There you are, trudging into the office at 8:00 a.m. The coffee hasn’t quite kicked in yet and there’s someone already screaming, “Good morning!” Your coworkers are nice. Your boss is great. The health benefits, time off, and employee discounts are decent. But somewhere inside, you’re not fulfilled. Clocking into work is dreadful and you wait for your shift to be over to strip out of your work clothes and relax on the couch for the new Netflix series you started.
Even then, before you sleep, thoughts about making a change in your life keep popping up. Why am I so unhappy with work? Can I stick it out a few more months to look for something better? What do I want out of my career?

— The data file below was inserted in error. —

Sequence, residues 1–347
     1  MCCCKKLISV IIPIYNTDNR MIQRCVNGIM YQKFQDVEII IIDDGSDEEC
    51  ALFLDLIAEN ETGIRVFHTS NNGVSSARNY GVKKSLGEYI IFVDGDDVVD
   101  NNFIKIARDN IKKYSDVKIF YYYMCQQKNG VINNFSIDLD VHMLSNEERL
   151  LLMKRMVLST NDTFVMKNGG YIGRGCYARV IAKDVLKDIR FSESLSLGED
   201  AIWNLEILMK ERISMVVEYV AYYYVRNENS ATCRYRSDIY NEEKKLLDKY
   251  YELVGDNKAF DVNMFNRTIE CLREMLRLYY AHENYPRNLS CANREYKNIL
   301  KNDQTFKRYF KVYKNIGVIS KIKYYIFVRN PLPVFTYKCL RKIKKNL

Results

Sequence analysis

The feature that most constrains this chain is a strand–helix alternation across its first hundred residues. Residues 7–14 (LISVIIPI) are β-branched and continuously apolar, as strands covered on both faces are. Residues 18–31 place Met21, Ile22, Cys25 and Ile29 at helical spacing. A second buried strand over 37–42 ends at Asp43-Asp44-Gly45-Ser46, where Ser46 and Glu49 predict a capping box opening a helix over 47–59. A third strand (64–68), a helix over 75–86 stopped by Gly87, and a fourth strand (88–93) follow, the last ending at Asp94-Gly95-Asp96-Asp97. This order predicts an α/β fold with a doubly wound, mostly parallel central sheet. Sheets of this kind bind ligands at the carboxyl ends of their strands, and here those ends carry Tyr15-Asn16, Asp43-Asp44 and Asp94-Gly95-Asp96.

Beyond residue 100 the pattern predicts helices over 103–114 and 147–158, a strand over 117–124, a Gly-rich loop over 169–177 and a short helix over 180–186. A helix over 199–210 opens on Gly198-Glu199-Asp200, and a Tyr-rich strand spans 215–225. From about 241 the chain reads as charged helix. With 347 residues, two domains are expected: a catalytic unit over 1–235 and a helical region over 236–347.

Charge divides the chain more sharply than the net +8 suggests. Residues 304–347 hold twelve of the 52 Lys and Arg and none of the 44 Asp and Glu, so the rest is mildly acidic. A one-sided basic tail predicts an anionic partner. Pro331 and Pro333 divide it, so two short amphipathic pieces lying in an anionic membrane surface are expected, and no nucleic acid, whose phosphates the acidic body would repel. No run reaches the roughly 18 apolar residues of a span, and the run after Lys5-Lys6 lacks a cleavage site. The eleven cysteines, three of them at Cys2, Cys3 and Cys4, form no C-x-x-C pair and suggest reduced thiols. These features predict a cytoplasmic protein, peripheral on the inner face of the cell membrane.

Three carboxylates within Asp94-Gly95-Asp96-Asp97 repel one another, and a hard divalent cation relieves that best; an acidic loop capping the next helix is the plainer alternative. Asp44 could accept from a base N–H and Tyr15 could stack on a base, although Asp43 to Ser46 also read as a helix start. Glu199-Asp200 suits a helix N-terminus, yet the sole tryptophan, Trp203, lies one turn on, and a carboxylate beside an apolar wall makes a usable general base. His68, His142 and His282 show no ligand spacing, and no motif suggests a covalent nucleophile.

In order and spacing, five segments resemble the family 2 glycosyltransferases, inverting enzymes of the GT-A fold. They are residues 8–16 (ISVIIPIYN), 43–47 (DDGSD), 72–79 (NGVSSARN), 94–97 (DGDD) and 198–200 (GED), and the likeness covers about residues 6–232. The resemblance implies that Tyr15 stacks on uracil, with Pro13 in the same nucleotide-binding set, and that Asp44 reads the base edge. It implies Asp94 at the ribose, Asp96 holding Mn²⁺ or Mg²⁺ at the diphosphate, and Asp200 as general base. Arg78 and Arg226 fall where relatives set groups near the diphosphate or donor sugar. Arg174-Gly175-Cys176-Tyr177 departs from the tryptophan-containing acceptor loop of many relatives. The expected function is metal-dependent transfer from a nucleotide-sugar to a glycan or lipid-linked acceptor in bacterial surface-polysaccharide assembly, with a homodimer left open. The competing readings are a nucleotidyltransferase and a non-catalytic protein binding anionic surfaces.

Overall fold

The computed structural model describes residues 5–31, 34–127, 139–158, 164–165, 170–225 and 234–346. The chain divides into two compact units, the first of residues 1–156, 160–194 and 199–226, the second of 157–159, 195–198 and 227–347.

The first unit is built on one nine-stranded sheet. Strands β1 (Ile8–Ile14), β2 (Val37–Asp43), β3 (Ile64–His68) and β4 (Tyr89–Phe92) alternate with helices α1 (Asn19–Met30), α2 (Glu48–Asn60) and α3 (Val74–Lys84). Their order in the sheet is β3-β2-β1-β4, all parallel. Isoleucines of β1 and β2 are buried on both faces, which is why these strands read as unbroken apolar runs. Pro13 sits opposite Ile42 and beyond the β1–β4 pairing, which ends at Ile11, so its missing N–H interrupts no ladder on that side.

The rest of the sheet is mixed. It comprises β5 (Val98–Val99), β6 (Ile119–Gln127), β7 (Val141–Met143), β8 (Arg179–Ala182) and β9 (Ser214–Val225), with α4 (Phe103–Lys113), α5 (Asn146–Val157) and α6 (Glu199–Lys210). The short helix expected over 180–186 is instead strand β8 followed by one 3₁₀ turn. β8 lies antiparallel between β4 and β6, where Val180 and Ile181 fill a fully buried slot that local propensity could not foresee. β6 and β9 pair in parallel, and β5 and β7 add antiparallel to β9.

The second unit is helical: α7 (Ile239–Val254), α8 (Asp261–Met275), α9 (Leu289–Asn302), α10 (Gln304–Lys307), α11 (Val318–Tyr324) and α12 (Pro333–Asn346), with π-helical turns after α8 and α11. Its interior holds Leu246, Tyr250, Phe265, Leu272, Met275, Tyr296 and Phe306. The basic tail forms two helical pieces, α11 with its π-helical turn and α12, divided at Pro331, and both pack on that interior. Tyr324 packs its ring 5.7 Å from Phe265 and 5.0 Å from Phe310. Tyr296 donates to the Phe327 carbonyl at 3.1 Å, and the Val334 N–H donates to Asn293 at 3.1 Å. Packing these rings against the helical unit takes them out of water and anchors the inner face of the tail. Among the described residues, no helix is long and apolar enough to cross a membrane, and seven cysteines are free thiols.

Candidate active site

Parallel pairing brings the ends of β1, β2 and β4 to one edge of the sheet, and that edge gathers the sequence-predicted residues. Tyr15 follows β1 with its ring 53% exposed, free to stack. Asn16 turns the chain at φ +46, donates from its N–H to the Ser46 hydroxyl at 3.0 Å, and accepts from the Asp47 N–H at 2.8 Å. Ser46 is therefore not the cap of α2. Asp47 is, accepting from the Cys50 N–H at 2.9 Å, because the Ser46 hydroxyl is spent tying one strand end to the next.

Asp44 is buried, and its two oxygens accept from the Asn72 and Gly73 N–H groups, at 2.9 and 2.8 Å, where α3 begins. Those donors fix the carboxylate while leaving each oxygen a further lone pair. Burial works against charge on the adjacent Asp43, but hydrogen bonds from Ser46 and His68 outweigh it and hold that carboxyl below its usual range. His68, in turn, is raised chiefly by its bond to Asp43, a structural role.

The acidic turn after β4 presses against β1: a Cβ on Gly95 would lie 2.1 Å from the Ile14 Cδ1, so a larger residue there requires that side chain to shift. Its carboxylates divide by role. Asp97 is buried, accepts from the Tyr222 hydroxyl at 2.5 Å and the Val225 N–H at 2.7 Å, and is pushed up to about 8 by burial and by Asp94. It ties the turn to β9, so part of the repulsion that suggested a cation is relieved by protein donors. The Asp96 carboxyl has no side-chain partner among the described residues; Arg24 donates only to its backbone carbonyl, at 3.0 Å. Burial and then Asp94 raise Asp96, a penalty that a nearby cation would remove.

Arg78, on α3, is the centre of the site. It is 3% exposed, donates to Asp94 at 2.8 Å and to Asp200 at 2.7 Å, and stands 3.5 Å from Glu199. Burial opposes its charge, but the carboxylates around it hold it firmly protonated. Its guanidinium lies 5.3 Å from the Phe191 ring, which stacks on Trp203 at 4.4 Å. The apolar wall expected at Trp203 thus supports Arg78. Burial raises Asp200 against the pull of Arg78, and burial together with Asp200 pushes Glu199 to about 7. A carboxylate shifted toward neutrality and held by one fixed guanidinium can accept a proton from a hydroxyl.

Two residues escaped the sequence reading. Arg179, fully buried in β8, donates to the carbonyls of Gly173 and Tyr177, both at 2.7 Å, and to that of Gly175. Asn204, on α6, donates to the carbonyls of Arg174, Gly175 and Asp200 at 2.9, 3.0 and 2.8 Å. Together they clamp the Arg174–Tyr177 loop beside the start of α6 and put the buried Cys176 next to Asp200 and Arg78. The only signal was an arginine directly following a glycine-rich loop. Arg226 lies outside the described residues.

I’ve had these thoughts more times than I want to admit. I’ve worked in customer service and administrative roles for years with the same nagging feeling that I’m not purposeful. I’m not making enough money. I could be spending more time with my kid than working at a job I loathe. I’m the kind of person that hates monotony. I work fast, I learn quick, and I take initiative. When I’m stuck in a place that doesn’t stimulate me, I get bored. Even after making a switch to a different company, I realized I was doing way too much. The problem wasn’t with the company; it was the work I was doing. After so many frustrations, I was finally fed up with myself. I knew I had to make a change or I would never be happy. That’s when I applied for graduate school.